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Political Economy of Eurasian Integration

December 2014 | #54

by: Prof. Viachaslau Yarashevich
pp: 67
ISSN: 2038-632X

Paper's frontpage


The USSR collapse in 1991 marked a new era in the Eurasian geopolitics, which was characterized by western domination and socio-economic transformation often referred to as post-communism. The cold war seemed to be over, with US and its European NATO allies celebrating the victory over the communist bloc. Russia lost its satellites not only in Central Europe, but also among many former Soviet republics, including in Central Asia. Yugoslavia was falling apart in a rapid and violent manner. Capitalism and democracy (western-style) looked as the only development option for the region. If there was a mention of integration in the mid-1990s with regard to the post-communist world, it was almost exclusively about membership in the EU, as well as in NATO (which always came first, perhaps as a security pre-condition). Apart from Belarus nobody sought to re-establish close links with Russia, which anyway was too busy with privatization and other neo-liberal economic policies that ended up in 1998 default and subsequent rise of Vladimir Putin. The evolution of Eurasian integration as an alternative integration option during post-communism was by no means smooth, yet it did culminate in the establishment of the Eurasian Economic Union in 2015, with the Eurasian Economic Commission as its supranational governing body. Initially pushed by Belarus, Kazakhstan and Russia, the EAEU now has five full members and one candidate country, Tajikistan. Often criticized by the west as an attempt to reconstruct the Soviet “empire”, officially the EAEU seeks to emulate the 28-member strong European Union in offering its citizens and firms border-free movement, though still subject to numerous provisional exemptions. And while economically it is dwarfed by its much stronger western neighbor, the elaboration of common policies, including the industrial one, in the very first year of its existence suggests that it has the potential to become a viable development project for the region.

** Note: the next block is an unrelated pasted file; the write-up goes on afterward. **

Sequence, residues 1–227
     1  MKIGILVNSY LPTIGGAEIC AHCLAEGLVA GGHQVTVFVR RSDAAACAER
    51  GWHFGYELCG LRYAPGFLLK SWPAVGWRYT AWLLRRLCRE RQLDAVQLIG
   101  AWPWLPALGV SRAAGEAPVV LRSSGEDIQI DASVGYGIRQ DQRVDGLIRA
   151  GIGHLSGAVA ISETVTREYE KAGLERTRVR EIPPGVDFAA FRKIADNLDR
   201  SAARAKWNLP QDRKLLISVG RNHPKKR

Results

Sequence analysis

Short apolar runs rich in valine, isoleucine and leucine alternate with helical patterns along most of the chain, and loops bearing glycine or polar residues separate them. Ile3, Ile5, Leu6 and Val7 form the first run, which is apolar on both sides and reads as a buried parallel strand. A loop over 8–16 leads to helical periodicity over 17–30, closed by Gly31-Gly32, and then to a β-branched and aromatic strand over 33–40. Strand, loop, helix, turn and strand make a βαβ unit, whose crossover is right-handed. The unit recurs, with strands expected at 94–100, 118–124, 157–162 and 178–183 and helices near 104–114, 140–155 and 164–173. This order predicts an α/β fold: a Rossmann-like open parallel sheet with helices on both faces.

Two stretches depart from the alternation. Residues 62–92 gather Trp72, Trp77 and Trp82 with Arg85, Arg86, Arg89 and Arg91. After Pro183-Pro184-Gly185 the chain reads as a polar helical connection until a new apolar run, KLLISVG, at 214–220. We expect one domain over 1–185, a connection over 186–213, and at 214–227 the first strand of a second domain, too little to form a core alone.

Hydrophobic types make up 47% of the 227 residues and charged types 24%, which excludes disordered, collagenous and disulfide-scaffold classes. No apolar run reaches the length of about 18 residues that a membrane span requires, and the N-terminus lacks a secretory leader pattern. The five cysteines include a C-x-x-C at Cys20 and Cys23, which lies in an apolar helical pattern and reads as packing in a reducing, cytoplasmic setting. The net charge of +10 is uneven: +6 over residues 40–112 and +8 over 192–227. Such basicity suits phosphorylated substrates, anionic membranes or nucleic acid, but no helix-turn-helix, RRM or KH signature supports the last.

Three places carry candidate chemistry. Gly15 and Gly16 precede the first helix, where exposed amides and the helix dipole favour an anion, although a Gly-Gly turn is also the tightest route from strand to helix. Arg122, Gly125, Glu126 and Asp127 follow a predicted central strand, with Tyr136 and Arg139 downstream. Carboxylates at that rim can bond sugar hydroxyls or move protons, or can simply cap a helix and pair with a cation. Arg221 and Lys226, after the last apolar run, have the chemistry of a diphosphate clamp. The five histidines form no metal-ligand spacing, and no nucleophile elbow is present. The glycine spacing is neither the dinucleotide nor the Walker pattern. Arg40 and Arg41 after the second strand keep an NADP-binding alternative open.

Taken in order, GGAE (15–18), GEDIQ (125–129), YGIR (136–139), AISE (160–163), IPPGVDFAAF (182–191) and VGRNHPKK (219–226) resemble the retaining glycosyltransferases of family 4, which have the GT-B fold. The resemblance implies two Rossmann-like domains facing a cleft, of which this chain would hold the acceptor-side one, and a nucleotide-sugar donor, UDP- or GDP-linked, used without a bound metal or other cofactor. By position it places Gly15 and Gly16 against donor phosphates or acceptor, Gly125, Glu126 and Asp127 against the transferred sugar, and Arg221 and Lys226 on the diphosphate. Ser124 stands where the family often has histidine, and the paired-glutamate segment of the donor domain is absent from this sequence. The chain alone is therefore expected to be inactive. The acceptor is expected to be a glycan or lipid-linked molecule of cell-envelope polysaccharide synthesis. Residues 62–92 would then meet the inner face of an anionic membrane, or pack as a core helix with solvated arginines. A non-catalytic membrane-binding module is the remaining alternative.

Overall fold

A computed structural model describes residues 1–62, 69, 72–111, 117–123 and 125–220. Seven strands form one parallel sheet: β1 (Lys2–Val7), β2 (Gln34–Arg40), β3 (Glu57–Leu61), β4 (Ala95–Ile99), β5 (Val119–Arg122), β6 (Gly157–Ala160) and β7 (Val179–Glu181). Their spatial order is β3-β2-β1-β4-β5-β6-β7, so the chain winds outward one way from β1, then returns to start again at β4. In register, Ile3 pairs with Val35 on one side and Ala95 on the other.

Table of contents

Post-communist background
Two paths of integration in the post-communist Eurasia
The Customs Union as the core of the Eurasian Economic Union: case studies
Conclusion: political economy implications of Eurasian integration

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